In the background of any decision is Robert Mueller’s Russia probe, which culminated in a report that presented 10 cases of potential obstruction by Trump, but failed to bring any charges. That probe came about when former Attorney General Jeff Sessions recused himself due to his contacts with the former Russian ambassador to the U.S. – infuriating Trump to this day.

Some lawmakers are frustrated by what the Mueller team was able to produce amid limitations Mueller followed. California Democratic Rep. Adam Schiff writes in his new book it was ‘heartbreaking’ to watch Mueller struggle under questioning during his pivotal 2017 testimony to Congress.  

Former FBI agent Asha Rangappa, a CNN commentator, developed a thread with arguments for and against the idea of a special counsel.

Her first point: ‘It’s warranted. Contrary to what some have suggested, a conflict of interest is not a requisite for appointing an SC. Appropriate grounds include that an independent prosecutor would be in the “public interest” or that there are “extraordinary circumstances.”‘

But she notes counter arguments: ‘It creates a new space for politicization, as we saw with [former special counsel Robert] Mueller,’ and gives potential defendants a ‘head’s up’ they are being investigated.

She said it could fuel attacks on the special counsel, FBI, and the Justice Department ‘probably louder and by more people than we are seeing now, which could undermine the eventual fruits of the investigation.’

After sorting through the mixed bag of information, she concludes there are ‘many’ upsides to a special counsel, while the downsides of a special counsel compared to an internal Justice Department probe are ‘about the same.’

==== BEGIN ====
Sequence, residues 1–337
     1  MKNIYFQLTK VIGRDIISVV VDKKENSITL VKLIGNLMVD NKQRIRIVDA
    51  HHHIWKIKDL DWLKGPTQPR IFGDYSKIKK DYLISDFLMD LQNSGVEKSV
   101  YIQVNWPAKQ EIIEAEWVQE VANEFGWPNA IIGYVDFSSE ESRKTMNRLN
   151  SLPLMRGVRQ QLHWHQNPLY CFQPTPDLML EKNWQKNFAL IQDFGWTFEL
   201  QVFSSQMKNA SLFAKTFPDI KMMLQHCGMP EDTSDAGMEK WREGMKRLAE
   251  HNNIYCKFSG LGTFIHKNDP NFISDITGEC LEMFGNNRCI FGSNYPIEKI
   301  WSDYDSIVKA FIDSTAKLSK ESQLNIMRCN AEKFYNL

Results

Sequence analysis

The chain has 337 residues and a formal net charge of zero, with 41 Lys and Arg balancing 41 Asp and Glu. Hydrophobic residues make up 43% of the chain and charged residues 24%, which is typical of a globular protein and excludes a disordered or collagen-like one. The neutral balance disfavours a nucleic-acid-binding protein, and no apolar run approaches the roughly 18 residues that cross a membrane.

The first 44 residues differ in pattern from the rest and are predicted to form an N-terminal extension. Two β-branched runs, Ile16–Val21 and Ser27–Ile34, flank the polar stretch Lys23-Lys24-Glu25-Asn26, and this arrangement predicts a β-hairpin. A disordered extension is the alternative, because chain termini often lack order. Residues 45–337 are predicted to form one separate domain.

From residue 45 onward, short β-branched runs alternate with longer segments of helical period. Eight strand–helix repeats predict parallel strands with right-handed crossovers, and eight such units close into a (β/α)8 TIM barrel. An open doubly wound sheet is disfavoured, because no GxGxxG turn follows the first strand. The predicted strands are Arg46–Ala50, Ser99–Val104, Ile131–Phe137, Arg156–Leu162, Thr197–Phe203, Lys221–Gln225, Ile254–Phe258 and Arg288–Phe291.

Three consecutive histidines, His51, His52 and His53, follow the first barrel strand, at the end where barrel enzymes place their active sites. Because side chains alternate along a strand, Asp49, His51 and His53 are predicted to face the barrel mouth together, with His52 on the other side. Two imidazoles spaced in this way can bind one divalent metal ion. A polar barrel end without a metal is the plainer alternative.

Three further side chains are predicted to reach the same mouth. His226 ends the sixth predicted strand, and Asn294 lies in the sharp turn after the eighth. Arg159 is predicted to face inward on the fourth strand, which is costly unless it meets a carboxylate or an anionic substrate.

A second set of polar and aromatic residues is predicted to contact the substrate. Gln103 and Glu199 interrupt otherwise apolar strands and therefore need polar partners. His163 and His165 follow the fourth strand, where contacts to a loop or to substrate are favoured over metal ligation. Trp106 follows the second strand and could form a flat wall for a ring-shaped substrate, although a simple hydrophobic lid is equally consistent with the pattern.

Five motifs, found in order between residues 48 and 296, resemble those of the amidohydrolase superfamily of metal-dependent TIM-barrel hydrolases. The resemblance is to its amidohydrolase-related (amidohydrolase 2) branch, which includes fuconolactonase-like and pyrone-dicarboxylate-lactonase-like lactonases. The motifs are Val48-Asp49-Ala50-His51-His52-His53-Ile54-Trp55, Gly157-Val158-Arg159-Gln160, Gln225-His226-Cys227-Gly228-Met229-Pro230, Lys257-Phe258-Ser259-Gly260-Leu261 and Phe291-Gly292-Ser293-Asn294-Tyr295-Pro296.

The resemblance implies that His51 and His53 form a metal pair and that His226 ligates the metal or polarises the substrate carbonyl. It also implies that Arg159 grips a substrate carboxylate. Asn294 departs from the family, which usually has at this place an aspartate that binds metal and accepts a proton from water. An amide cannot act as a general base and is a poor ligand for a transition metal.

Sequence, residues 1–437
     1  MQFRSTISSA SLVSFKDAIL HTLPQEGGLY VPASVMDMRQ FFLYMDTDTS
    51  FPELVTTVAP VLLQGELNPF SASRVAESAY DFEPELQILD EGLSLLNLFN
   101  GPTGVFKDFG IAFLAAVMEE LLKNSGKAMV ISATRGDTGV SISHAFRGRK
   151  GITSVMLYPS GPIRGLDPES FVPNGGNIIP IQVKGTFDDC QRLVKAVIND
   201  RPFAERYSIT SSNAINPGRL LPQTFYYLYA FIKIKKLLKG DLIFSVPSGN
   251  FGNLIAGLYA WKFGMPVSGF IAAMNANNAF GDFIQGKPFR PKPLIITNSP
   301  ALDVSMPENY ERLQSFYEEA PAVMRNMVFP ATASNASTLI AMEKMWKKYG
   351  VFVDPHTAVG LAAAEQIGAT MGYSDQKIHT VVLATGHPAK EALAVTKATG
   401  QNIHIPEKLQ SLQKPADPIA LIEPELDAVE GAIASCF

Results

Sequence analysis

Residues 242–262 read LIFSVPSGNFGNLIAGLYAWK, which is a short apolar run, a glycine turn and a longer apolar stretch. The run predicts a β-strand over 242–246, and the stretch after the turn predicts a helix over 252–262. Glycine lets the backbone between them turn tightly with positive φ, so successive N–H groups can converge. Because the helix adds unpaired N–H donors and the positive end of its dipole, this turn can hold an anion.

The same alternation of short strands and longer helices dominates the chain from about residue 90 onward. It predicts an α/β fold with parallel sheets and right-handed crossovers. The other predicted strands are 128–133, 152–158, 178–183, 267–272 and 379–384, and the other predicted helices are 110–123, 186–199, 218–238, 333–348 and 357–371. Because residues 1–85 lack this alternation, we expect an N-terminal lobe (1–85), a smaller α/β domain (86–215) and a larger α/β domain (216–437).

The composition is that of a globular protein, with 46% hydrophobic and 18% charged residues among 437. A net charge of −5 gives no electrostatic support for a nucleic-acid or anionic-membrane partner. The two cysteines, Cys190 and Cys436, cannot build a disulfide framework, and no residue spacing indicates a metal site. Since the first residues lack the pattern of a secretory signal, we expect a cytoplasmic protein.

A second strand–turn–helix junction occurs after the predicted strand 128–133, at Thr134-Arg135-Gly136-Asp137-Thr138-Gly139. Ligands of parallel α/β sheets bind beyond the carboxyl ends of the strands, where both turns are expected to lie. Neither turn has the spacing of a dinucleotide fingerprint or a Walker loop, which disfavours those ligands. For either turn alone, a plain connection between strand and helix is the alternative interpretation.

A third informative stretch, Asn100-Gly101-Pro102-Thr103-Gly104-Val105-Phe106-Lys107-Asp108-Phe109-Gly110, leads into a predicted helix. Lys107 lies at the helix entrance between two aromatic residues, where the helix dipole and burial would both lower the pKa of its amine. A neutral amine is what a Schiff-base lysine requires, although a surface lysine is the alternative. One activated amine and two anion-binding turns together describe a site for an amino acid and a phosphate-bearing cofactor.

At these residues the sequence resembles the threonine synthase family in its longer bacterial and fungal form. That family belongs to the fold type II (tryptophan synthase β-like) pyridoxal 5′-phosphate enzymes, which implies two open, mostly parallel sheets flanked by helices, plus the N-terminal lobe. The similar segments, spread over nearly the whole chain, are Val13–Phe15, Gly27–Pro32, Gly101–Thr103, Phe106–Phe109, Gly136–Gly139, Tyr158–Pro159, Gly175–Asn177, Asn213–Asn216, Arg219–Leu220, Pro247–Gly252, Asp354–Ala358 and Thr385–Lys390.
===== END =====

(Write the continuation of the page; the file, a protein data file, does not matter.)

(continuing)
Also pushing the issue have been authors Bob Woodward and Rober Costa, whose book, Peril, explores the overturn effort in the ‘war room’ at the Willard Hotel Jan. 5th.

‘That’s what we’re trying to understand – what’s next for Merrick Garland the attorney general, is there going to be a special counsel, especially if Congress can force Bannon to testify,’ Costa told MSNBC Tuesday. 

Woodward also raised the idea of a special counsel on CNN last week, after spelling out multiple instances of ‘conspiratorial actions.

‘We have a very clear-cut case. I would suspect it is quite possible that Attorney General Merrick Garland will appoint a special counsel to look at this, because the evidence is so clear for a massive Watergate-style attempt to destroy the process of electing a president.’ 

Backing the idea is Harvard law professor Lawrence Tribe, who called for a special counsel who is ‘far more effective and less snail-paced than Robert Mueller and very much more disciplined and focused than Ken Starr,’ in reference to the Watergate prosecutor whose probe into the Monica Lewinsky scandal and related matters undergirded the Bill Clinton impeachment.

Weighing in against the idea is former House impeachment lawyer Daniel Goldman. 

‘There is no conflict of interest that warrants a special counsel. Garland was an apolitical judge until this year. Just because Trump turned the DOJ into his political arm in court does not mean that’s what DOJ is. Garland is perfect to handle this,’ he wrote.

Unknown in the case of Bannon not just whether he will be charged, but how long it will take DOJ to decide. The House panel is acting swiftly, with the knowledge that a GOP House takeover would almost certainly end it.

Dean said he had no idea how long a charging decision might take, ‘but I cannot think of an instance in recent history where there’s been more pressure on the Department to take action swiftly.’